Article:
Dr. Narveen Jandu is currently working as an assistant professor in the Gannon University, Pennsylvania, USA.
In recent years, there have been several newsworthy outbreaks of infectious disease agents, such as Zika, Ebola and the 2015 Escherichia coli O26 outbreak associated with Chipotle restaurants in the United States. During these outbreaks, numerous resources can provide the public, faculty and students with timely, accurate, and credible information. The outbreaks associated
with these microbiological infectious disease agents can and should be incorporated into ongoing microbiology courses. One way to do this is to utilize the excellent resources available from the Centers for Disease Control and Prevention (CDC). The CDC website provides a wealth of resources and information on numerous current, ongoing and past outbreaks. Understandably, the CDC website can be overwhelming for new users, such as students. Students, however, can be gradually introduced to some of these resources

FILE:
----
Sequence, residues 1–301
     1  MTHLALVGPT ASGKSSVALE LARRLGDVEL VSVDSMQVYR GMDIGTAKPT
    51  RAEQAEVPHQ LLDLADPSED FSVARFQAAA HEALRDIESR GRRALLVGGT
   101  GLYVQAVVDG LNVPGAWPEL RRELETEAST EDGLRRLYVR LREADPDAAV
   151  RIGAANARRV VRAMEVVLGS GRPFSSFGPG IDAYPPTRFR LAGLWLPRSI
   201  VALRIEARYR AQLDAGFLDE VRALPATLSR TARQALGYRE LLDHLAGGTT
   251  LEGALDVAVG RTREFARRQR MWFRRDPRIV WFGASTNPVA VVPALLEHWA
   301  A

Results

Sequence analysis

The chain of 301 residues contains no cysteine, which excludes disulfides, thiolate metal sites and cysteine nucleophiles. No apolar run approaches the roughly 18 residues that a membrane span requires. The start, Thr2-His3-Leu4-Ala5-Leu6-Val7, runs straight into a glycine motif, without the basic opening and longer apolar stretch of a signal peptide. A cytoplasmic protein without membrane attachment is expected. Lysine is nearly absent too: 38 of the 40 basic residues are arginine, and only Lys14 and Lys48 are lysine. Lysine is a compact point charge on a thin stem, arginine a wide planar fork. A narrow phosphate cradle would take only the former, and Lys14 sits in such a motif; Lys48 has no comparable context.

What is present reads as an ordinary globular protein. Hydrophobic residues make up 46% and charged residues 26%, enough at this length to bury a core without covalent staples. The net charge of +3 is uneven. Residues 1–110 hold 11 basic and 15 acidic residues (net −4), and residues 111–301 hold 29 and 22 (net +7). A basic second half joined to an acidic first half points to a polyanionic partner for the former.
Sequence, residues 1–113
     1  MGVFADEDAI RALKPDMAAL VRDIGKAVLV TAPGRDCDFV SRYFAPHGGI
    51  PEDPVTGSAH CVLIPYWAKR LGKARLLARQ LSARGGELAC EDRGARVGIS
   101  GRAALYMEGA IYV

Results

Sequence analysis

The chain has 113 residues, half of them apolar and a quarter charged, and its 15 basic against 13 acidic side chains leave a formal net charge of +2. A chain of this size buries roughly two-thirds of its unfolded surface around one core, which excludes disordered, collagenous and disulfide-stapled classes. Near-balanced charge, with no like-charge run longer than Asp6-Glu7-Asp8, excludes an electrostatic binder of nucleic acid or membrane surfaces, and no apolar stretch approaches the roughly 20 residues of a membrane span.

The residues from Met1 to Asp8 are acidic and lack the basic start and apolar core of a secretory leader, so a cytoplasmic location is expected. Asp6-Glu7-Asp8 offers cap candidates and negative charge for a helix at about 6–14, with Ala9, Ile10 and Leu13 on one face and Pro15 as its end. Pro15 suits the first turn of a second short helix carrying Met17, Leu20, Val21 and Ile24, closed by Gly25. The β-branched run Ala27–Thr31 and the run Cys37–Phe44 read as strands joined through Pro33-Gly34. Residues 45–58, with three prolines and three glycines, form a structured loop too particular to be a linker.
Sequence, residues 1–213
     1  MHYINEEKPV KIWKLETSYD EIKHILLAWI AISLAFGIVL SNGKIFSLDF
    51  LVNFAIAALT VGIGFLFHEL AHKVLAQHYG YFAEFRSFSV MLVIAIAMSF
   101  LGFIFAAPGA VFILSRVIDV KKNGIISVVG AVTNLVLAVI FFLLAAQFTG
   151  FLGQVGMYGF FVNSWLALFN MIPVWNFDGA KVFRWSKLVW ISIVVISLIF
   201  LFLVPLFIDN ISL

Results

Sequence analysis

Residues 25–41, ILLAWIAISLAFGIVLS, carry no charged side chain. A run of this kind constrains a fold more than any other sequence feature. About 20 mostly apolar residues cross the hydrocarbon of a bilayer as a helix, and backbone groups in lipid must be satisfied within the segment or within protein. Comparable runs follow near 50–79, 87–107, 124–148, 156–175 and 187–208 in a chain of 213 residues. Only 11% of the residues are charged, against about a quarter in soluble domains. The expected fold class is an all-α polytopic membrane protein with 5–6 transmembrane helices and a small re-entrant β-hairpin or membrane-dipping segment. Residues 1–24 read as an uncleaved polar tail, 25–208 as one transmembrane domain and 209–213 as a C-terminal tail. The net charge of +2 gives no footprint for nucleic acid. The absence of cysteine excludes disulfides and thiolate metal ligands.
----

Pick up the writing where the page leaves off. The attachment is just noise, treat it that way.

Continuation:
through planned assessments that will allow students to learn both microbiology content and how to utilize online resources. Two specific online resources were selected for students to develop their understanding of foodborne outbreaks. These resources include the FOOD (Foodborne Outbreak Online Database) Tool and the Multistate Foodborne Outbreaks webpage, which are both available through the CDC website. Both resources allow users to retrieve up-to-date information on ongoing outbreaks, which allows the
content in a microbiology course to be relatable to current news events. As well, students can utilize these resources to learn how to access public data, use spreadsheets, generate charts, and perform quantitative data analysis and interpretation. For teaching purposes, these resources are valuable for professors to generate figures and graphics for lectures. The utilization of real-time online data on ongoing outbreaks on infectious disease agents provides a more relatable and application based approach to understanding
how infectious disease agents cause foodborne and other outbreaks.